Inkjet Printing Workflow: Tiling Images for a Large Display

There are two methods for tiling images to create a large display. First, you can use software like Adobe InDesign, Illustrator or Photoshop to crop the image down into individual sections for print. However, the easiest and most efficient way I have found to do this for printing is in a RIP software.

Here, I want to cover an 18-ft. wide x 80-in. tall wall. I'm printing on a 36-in. wide roll of media, so I need six tiles of 36 in. x 80 in. to complete the graphic.

Tiling is a pretty common task for the signage industry, so RIPs for that industry seem to handle tiling best. If you’re running Onyx, for example, you have a lot of control over how you tile large images.

ImagePrint, which is more geared toward photographic and fine-art printing, has a more simplistic version of tiling that will also allow you to perform this task. Think of the sign industry RIPs as more industrial for large production runs, and ImagePrint as more custom, for shorter runs in a photographic/fine-art workflow.

In ImagePrint, you simply fill the tiles with the image you plan on breaking up into panels, and hit print. It's that easy!

Either way, a RIP will make all the difference in the world for the quality of your images, and the efficiency and profitability of your workflow, including tiling large images together.

How to Replace Printheads on a Canon Inkjet Printer

Canon printheads are rated to go through a certain amount of droplets before they need to be replaced. The printer will let you know when it’s time to replace the printhead.  When that time comes, here’s a step by step video on how to replace Canon large format inkjet printheads. Though this is a Canon iPF6100, the steps apply to all Canon wide-format printers…

High Five: Profiting from Large-Format Printing

UPS Store owner Don DeSmet says that large-format printing gives his store access to additional markets and a larger potential customer base.

“Large-format printing is not a supplement to our business; it’s a necessity,” says Kyle Yeager, owner of two UPS Stores in the Atlanta area. “It’s a major part of our product line, and a piece of our business that we use to define and separate ourselves from most of our competition.”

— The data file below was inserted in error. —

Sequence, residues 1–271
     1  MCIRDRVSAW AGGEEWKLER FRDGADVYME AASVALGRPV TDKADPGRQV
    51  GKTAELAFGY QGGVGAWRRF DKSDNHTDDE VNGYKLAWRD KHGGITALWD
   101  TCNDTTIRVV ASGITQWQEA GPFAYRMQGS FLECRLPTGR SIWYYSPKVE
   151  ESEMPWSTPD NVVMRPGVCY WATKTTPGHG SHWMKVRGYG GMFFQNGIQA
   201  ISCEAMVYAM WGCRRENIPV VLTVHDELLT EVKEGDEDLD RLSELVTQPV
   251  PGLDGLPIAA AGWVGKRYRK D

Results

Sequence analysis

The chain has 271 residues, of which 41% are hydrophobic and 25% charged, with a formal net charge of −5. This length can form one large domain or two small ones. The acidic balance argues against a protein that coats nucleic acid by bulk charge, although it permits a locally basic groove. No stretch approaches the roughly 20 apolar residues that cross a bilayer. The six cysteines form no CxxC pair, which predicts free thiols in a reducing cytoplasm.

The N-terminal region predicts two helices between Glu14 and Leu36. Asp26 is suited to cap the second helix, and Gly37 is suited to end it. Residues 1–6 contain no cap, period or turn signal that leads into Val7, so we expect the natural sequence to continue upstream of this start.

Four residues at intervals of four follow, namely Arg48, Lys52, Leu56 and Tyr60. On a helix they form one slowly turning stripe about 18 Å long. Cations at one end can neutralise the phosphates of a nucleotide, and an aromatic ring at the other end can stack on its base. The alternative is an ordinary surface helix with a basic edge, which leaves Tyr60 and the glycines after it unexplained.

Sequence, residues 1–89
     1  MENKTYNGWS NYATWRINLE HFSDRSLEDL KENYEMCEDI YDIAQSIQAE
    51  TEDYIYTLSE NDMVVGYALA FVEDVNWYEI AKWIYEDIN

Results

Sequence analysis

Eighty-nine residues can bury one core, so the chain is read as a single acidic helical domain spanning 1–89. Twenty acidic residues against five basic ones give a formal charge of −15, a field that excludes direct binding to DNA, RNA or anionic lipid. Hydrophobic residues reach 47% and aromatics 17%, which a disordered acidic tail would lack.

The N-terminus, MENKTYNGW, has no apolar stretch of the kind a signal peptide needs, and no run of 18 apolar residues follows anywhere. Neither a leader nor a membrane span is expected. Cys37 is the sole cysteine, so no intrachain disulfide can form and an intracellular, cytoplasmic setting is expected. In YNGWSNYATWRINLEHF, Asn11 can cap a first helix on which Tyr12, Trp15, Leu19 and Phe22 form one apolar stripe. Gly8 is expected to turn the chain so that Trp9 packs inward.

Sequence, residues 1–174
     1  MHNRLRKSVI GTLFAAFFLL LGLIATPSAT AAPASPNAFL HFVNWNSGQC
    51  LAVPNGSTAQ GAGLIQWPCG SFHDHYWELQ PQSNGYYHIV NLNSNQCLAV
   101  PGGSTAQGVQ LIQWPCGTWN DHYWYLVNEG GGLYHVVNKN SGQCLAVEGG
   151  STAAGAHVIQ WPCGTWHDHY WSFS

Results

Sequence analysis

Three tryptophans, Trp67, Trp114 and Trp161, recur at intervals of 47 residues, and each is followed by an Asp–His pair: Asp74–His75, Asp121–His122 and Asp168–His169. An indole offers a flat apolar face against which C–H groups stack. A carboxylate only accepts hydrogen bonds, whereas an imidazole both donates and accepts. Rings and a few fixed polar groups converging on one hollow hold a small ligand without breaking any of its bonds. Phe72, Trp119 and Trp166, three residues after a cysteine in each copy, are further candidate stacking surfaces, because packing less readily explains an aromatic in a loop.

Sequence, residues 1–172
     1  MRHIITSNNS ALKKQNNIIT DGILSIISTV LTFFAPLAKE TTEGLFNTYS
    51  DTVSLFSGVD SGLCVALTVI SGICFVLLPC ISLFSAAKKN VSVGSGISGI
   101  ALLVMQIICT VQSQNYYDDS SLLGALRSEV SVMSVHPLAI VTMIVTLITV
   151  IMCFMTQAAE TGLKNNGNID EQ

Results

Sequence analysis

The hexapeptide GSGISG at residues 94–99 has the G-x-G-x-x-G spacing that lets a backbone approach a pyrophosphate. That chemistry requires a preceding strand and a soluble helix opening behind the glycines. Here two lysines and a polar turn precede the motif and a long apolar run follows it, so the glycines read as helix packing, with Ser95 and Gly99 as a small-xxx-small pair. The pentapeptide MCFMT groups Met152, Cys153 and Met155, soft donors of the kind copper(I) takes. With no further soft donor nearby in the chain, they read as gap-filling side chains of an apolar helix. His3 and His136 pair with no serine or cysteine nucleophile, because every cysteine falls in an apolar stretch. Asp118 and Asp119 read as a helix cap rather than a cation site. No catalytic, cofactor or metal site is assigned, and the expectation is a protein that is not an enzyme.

Yeager’s UPS Store has something in common with photo studios and other types of franchise businesses, namely a built-in market ready and willing to buy large-format prints. Yeager’s stores have been printing banners, canvas wraps for photo enlargements and other display graphics on their 44”-wide Canon printers for almost four years.

“Banners are easiest for the consumers to understand and see the true value in, because banners are a focused product for anyone from small businesses to even residential clients,” says Yeager. “We print a lot of graduation banners during the high-school graduation season, and throughout the year we print banners for businesses and organizations that are having a grand opening, a product special or a special event… The possibilities are endless.”

Yeager has set aside a space along the wall for samples and signage product suggestions that works as a silent salesman to spark ideas with customers who walk in the store. Plus, Yeager’s outside sales reps are actively selling both stores’ large-format output.

“LexJet has been a tremendous help recommending materials for specific jobs. If I tell them the type of job I’m working on, they’ll tell me the best media to use, whether it needs to be indoor or outdoor, if it’s a high-impact poster or a volume job, or whatever the case may be,” says Yeager.

Big Photos

Allen and Autumn Thomsen, owners of Thomsen Photography in Eagleville, Mo., have had a similar experience. They added a 44”-wide Canon printer this past summer and found that the large-format printer not only added profit but also cut down on outsourcing costs.

Easy-Install Fabric Photo Posters Honor Movie Theater’s History

The black-and-white posters in the new lobby of The Dietrich Theater in Tunkhannock, PA were printed on Photo Tex PSA, an inkjet-printable fabric with a respositionable adhesive for easy installation.

Going to the movies was more of a community experience in the decades before national corporations started building huge, multiplex movie theaters at shopping malls. If the weather was nice, you could pile your friends into a car and head off to a drive-in. But most of the time, you had to go downtown to the local theatre to see the latest releases from Hollywood.

Civic leaders in small towns across America are hoping to recapture some of that sense of community by restoring old theaters and reinventing them as community arts centers.